The calls to action come after a weekend that saw the leaders of both the House and Senate Intelligence committees batter the president’s response to the ISIS threat.
“I think I’ve learned one thing about this president, and that is he’s very cautious. Maybe in this instance, too cautious,” Senate Intelligence Committee Chairwoman Dianne FeinsteinDianne FeinsteinCelebrating the contributions of the National Park Service at its centennial France, Germany push for encryption limits Lochte apologizes for behavior in Rio MORE (D-Calif.) said on NBC’s “Meet the Press.”
House Intelligence Committee Chairman Mike Rogers (R-Mich.) said the president’s foreign policy is “in free fall” and that the president’s indecisiveness had emboldened other enemies such as China, Russia and North Korea.
“It’s all related,” Rogers said. “The world sees the United States as withdrawn.”
Obama has done himself no favors as he deliberates how, if, or when to expand the military operation against ISIS. During a press conference last week that was intended to calm speculation that airstrikes on Syria were imminent, Obama conceded that the White House had “no strategy” yet for targeting militants in that country.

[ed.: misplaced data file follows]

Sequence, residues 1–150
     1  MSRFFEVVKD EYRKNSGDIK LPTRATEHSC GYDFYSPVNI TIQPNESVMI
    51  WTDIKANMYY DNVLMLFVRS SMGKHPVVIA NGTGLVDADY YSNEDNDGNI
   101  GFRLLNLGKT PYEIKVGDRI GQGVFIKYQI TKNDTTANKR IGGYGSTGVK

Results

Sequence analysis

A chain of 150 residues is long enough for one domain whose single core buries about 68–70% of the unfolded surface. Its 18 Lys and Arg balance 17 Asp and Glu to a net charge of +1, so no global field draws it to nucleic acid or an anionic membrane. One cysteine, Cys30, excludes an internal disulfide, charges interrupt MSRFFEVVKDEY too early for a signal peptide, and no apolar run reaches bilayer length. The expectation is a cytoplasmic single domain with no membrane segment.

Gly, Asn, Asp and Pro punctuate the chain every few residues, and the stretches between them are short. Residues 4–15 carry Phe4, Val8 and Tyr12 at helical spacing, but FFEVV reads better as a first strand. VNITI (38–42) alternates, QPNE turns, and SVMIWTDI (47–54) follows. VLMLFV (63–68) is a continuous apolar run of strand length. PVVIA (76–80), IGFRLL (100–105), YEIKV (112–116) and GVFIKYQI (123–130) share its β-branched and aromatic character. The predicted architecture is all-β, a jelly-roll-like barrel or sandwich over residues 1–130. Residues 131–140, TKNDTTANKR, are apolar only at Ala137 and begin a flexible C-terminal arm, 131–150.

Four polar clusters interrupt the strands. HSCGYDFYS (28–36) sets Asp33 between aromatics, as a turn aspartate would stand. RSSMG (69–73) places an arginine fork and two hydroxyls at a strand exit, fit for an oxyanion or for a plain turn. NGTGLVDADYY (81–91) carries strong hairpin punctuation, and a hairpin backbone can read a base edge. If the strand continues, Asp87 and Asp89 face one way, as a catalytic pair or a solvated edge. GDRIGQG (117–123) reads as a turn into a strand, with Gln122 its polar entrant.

The unforced error intensified calls for the administration to develop a plan for targeting Syria — and fast.
Separately, a former Pentagon official told Fox News that the president had been receiving detailed and specific intelligence about the rise of ISIS for more than a year, long before Obama dismissed the group as “jayvee” in an interview.
The official also accused the president of delaying an ultimately unsuccessful Special Forces operation intended to rescue the now slain American journalists.
The criticism indicates that some in the intelligence and military communities are also looking to pressure the administration into action.
Still, the White House continues to plead for patience. Aides say Obama has little appetite for expanding airstrikes unless he can be certain they will be effective and enable favorable political transitions in the region.
Press secretary Josh Earnest said Tuesday the president and his team were “still working” on how military action in Syria fits into the White House’s “comprehensive strategy” for combating the Islamist group.